LSAT Takers Plunge Yet Again

If you’re headed for law school anytime soon, the competition to get into a school seems to be lessening yet again. The number of people taking the Law School Admission Test (LSAT), offered in October plunged 16.4% from the year before, reaching its lowest level since 1999. The Law School Admission Council said that 37,780 people took the test in October, down from 45,169 a year earlier.
It’s also the fourth consecutive October of declining test takers, having fallen from an October peak of 60,746 in 2009.
No wonder, then, that law schools are cutting the size of their entering classes. Perhaps this means it’ll still be easier to get into the top schools, though, depending on how much the most elite schools decide to shrink their class sizes.
There was a huge surge in law school applications during the recession and its immediate aftermath as people displaced by the poor economy sought the “safety” of a legal career. But now potential students seem to have wised up to the huge debt burden and poor job placement prospects.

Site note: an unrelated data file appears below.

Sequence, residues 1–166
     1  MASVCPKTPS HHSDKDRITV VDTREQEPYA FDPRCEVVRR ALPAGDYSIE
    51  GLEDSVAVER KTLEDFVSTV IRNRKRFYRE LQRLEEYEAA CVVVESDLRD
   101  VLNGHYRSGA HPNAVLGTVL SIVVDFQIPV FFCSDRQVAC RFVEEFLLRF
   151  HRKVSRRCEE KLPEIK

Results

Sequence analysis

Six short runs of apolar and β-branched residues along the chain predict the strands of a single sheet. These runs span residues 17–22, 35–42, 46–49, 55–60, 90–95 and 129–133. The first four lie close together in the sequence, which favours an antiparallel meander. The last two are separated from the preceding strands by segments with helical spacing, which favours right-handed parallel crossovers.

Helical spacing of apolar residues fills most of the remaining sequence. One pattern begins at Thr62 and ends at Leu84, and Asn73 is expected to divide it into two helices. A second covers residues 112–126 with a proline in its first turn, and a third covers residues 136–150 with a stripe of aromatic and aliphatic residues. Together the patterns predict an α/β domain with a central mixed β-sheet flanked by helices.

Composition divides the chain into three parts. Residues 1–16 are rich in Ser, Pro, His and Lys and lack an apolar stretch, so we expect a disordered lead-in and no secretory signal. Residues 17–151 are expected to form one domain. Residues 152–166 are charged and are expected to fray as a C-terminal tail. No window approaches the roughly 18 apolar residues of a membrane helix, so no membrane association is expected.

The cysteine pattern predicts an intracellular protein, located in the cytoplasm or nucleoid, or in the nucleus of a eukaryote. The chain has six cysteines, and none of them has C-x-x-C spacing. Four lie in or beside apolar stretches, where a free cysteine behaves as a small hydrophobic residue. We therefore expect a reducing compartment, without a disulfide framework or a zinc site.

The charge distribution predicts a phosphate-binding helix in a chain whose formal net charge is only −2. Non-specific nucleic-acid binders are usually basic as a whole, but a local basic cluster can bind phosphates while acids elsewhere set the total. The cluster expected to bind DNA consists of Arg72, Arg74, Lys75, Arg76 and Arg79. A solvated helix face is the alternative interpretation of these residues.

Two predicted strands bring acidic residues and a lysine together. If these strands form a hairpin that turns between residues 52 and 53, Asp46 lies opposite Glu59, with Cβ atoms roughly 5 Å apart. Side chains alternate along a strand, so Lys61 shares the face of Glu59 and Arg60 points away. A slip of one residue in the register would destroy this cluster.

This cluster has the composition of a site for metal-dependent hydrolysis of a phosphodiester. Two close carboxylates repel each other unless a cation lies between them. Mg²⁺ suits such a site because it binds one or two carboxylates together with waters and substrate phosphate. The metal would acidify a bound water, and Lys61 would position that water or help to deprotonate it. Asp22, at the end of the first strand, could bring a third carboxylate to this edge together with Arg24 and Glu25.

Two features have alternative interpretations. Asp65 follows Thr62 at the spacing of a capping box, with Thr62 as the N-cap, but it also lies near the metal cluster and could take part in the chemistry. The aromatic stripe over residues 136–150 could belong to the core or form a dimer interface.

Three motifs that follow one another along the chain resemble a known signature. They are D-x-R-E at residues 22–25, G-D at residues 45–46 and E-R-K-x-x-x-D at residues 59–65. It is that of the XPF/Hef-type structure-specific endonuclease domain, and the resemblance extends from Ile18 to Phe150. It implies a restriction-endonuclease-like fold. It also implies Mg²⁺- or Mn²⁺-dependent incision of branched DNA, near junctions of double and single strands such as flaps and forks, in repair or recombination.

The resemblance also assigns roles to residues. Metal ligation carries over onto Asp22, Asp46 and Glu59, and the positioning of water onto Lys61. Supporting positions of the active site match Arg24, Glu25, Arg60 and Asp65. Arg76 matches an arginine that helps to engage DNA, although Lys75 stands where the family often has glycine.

One recent paper actually suggests that law’s reputation for providing a risk-free career path has been a fiction for a long time. It notes that the legal market has become more crowded, with the ratio of the American population to American lawyers morphing to 252 to 1 in 2005 from 695 to 1 in 1951. The paper also estimated that, of the 1.4 million law graduates of the last 40 years, about 200,000 to 600,000 are not working as lawyers.

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